Quick Answer: What lesson is the author of the lottery ticket trying to teach readers with this story?

What is the lesson in the story The Lottery Ticket?

The main theme of the story “The Lottery Ticket” by Anton Chekhov is that money can corrupt the soul. The prospect of a huge lottery win makes Ivan and Masha look at each other with hatred and suspicion, each one believing that the other will be negatively changed by their sudden windfall.

What lesson is the author trying to teach in the story The Lottery?

In “The Lottery,” the moral lesson or theme is that one should not blindly follow traditions simply because they’re tradition.

What is the message of the story The Lottery by Shirley Jackson?

The primary message of Shirley Jackson’s celebrated short story “The Lottery” concerns the dangers of blindly following traditions. In the story, the entire community gathers in the town square to participate in the annual lottery.

Who won The Lottery Ticket in the short story lottery?

Prakash shares with his family that before Jhakkar Baba grants wishes, he tests them by throwing rocks at them. While most visitors run away, those that withstand the attack will have their wishes granted. When Prakash survived the stoning, he was assured that he would be the sole winner of the lottery.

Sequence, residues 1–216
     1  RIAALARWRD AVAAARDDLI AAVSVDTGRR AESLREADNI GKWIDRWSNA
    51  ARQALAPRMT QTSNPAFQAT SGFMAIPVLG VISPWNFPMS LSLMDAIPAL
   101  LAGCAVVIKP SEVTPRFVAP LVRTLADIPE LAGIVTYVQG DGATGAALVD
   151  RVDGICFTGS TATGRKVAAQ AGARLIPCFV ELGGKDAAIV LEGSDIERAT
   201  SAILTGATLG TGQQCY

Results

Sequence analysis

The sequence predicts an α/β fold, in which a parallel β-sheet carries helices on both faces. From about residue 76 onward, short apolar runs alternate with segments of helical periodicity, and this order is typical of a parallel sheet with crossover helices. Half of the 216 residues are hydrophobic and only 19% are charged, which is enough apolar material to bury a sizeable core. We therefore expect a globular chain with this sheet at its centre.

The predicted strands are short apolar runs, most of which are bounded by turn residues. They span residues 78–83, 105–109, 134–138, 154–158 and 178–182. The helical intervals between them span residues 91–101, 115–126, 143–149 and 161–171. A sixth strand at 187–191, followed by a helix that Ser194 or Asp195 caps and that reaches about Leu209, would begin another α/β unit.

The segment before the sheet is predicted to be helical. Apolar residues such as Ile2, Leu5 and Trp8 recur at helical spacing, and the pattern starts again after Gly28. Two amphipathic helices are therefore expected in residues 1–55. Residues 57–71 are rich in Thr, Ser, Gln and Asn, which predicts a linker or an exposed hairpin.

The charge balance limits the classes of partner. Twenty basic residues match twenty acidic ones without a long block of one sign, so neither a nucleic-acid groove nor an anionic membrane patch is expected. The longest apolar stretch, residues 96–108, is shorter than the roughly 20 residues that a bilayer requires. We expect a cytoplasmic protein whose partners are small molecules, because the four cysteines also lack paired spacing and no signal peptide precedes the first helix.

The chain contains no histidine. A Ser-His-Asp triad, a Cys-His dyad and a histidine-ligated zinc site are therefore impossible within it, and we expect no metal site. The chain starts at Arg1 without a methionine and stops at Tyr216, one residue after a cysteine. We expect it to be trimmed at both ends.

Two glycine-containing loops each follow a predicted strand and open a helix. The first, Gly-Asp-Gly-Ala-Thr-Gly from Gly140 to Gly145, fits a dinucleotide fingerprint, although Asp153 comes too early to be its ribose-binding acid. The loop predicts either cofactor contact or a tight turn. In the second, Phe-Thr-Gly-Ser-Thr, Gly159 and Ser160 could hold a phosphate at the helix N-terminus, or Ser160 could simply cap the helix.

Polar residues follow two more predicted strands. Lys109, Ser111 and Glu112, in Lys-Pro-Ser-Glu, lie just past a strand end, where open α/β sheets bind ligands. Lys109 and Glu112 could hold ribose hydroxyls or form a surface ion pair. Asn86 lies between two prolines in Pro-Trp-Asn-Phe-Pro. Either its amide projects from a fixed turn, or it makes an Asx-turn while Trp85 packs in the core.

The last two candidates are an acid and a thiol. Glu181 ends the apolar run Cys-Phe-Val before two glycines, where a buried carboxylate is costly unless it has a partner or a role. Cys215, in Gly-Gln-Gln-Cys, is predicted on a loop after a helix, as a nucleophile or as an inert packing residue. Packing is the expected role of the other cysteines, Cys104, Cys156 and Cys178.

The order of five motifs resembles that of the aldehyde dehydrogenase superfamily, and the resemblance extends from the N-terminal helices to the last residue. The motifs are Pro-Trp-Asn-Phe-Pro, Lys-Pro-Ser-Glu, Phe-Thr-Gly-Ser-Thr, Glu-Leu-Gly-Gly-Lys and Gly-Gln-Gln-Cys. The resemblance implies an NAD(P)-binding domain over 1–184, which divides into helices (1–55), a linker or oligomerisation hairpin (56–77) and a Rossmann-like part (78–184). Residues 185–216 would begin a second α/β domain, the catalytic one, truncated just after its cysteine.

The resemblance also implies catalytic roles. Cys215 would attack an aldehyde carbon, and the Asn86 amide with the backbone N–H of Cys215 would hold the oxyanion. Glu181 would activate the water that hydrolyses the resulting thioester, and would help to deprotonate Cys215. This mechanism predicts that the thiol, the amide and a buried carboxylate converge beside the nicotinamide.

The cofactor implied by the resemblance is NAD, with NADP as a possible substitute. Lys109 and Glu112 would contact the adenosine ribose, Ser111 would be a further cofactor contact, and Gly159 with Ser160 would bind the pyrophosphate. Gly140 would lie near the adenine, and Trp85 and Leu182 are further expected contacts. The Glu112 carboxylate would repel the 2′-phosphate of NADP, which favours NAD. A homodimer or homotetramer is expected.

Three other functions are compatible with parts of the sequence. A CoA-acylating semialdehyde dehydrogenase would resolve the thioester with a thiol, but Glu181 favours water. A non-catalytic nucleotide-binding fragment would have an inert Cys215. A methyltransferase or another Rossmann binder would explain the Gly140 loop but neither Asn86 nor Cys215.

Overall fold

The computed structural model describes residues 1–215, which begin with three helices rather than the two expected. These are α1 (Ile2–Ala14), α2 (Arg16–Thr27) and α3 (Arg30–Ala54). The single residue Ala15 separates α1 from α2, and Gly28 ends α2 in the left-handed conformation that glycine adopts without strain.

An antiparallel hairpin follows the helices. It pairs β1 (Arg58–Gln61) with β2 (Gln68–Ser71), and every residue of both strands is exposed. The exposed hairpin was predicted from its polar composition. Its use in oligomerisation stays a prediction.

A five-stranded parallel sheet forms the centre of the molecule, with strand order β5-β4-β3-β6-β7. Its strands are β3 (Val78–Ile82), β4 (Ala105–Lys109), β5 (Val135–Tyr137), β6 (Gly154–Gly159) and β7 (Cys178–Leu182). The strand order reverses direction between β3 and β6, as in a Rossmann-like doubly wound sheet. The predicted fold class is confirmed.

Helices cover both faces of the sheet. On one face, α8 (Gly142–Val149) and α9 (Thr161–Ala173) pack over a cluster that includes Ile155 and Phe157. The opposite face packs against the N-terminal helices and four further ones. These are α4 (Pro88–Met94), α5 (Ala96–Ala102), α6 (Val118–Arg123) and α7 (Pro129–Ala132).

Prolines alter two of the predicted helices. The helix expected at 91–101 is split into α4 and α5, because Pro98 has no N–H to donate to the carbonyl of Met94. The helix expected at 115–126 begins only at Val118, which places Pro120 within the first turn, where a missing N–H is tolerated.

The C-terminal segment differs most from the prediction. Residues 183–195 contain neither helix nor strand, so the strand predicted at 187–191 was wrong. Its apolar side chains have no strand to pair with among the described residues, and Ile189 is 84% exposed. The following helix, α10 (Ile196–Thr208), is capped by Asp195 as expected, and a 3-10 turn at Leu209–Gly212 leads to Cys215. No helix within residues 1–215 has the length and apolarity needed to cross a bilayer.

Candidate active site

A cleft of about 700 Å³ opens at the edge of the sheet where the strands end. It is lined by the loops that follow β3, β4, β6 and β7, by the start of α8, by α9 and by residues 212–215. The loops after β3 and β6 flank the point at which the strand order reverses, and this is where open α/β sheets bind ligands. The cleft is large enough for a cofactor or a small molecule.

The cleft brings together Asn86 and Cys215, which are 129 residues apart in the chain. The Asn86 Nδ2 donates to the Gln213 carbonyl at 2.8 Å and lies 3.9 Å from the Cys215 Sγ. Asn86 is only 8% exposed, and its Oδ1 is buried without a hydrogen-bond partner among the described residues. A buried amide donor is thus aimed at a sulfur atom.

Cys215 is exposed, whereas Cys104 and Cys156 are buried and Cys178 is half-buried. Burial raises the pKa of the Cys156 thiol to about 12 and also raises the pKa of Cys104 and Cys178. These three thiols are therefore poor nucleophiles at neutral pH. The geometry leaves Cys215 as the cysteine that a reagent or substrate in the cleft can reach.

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What does the lottery ticket symbolize?

The lottery ticket symbolizes how riches, or the promise of riches, can corrupt people’s souls. The imminent prospect of winning the lottery is enough to drive a wedge between Ivan and Masha, potentially jeopardizing their marriage.

Why LVAN is unhappy over the lottery ticket?

From being a content man at the beginning of the story Ivan has become dissatisfied with his way of life and the way that his wife runs the family home. This dissatisfaction triggered by Ivan’s assumption that his wife will not allow him to live the life he wants to live should they have won the lottery.

What kind of narrator does this story use can you tell what they think about The Lottery?

Shirley Jackson narrates her celebrated short story “The Lottery” using third-person objective narration. Unlike third-person omniscient narration, the objective perspective creates distance between the audience and the characters in the story.